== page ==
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A children's gymnastics coach needs more than technical knowledge of how to do stunts. A coach must have a love of kids and a full supply of patience. The job also requires the ability to work with boys and girls of different ages and levels of talent. It's helpful if you're a former gymnast yourself, but this isn't usually a job requirement.
Education and Experience
Some gymnastic coaching jobs require a high school diploma with at least one to two years of experience. However, positions at educational institutions and competitive gyms may require studies in child development, physical education and courses in gymnastics. Teaching skills are an essential accompaniment to knowledge of the sport. A certification in coaching, first aid and CPR may also be necessary.
Depending on the employer, job functions may slightly vary. Gymnastics coaches may be responsible for leading and supervising classes with children as young as one year old. Duties may include setting up and safe-proofing the gym area, instructing and demonstrating skills and abilities in gymnastics, developing dynamic lesson plans, training new instructors and administering first aid if necessary. Coaches may also have to maintain computer records of classes, fees and participation.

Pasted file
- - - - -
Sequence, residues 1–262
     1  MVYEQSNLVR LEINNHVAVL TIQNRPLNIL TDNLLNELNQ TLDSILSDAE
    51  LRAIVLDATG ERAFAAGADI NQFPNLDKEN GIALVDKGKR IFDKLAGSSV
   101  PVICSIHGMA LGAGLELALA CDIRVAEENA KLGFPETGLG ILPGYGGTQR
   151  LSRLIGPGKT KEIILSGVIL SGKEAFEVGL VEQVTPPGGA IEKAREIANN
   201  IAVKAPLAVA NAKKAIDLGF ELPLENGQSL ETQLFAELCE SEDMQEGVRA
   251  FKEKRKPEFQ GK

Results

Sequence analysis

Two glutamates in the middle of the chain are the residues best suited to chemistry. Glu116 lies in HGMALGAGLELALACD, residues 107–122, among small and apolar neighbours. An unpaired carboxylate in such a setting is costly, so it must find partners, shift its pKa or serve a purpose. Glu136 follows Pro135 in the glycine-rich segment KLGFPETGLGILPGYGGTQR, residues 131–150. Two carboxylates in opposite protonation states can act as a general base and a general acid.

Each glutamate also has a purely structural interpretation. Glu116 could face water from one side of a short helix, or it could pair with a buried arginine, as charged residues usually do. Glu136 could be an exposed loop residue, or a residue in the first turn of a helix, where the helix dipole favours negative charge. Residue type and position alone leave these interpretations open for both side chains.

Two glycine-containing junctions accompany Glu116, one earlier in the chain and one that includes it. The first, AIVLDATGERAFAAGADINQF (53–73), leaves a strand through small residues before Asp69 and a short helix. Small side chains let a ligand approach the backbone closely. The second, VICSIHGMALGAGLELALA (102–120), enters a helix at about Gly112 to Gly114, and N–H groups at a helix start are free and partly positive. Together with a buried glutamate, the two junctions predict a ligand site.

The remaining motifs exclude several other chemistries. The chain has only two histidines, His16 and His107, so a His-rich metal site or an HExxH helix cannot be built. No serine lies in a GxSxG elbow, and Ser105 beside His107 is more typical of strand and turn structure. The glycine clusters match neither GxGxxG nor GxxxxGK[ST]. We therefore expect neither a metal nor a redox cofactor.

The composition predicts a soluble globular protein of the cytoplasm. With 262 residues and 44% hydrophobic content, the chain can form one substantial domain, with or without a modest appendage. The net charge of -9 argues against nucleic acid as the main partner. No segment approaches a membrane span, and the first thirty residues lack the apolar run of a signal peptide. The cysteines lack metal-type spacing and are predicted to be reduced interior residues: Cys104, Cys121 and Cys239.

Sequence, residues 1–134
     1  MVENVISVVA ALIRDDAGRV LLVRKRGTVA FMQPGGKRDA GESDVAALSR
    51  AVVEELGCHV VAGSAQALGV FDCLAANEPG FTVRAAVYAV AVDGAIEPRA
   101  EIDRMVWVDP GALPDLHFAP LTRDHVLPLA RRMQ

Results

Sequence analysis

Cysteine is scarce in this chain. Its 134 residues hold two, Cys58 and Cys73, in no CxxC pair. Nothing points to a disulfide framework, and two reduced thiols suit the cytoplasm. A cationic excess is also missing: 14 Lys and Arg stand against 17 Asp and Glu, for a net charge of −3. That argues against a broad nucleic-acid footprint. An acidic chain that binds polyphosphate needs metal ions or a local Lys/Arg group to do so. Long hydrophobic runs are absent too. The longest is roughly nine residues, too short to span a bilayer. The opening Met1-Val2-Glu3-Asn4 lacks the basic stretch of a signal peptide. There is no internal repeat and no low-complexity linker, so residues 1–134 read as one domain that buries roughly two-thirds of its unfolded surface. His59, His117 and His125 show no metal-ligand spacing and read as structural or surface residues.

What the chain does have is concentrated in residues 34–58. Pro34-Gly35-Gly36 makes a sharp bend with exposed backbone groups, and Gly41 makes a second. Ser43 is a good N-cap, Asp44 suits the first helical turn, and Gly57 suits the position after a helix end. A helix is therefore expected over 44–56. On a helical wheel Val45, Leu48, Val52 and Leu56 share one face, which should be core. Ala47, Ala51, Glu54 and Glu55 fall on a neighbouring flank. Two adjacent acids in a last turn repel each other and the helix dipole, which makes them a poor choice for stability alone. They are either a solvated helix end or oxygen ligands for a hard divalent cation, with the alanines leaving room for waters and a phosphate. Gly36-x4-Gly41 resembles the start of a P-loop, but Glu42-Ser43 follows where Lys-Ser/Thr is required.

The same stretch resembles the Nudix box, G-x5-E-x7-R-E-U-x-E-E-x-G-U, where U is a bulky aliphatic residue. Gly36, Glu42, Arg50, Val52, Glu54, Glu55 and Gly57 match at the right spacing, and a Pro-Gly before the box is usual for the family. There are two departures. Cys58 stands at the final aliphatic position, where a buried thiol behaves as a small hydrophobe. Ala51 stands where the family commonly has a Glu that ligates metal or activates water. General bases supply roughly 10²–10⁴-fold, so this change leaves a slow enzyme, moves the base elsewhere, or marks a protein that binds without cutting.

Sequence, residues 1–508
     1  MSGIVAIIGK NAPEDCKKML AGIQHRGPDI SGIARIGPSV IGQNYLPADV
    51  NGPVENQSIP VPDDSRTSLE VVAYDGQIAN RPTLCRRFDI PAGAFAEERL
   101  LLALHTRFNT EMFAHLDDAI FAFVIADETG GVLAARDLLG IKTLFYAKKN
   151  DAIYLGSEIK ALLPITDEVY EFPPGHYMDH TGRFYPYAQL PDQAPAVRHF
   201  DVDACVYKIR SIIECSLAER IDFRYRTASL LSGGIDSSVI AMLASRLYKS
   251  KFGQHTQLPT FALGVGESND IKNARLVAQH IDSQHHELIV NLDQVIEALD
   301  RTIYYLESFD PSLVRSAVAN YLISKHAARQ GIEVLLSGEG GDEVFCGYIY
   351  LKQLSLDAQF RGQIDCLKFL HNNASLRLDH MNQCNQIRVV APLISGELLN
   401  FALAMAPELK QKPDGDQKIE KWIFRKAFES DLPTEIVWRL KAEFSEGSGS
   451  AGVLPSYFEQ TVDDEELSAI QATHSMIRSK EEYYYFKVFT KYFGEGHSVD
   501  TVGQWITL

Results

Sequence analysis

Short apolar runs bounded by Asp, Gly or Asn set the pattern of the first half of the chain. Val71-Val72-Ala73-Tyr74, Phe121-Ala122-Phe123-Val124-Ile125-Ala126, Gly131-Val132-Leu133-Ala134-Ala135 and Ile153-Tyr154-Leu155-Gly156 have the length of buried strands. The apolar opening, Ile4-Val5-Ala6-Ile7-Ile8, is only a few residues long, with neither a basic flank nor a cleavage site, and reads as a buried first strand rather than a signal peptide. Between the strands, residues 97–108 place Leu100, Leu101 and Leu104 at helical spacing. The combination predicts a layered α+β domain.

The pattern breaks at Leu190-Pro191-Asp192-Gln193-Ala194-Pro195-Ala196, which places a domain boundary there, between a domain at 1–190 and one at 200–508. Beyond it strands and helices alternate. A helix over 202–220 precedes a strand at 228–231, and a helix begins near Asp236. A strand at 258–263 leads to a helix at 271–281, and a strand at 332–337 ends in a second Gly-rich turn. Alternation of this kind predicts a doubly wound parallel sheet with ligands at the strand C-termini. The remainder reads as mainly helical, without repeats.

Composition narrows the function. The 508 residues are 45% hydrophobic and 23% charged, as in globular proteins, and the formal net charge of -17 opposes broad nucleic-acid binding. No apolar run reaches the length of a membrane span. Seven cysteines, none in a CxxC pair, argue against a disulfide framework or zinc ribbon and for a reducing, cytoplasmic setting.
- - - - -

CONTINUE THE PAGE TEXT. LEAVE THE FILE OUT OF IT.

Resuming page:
Good interpersonal skills are necessary to communicate with parents, staff and the general public. A gymnastics coach might have to travel to team competitions, specialize in teaching one specific event and learn about competition requirements. Age requirements can be as young as 16 years of age with a neat and professional appearance. Some facilities require a tolerance to noise, dust -- due to flying white chalk -- and chaos from many children performing stunts at the same time. Coaches may also need to pass a background check and applicable drug tests.
Gymnastics coaches may be required to lift equipment weighing up to 50 pounds. Strenuous physical activity may include climbing, balancing, stooping, crouching, crawling, pulling and extensively reaching at heights above floor level. Tumbling and other gymnastics activities may also be required. Depending on the facility, instructions can be done indoors and outdoors, with exposure to sunlight, pollen and other airborne allergens.
Some gymnastics coach jobs pay pay the hour. However, according to Simply Hired, the average annual full-time income of a gymnastics instructor was $32,000 as of July 2014. These wages may vary depending on the employer, job description and requirements.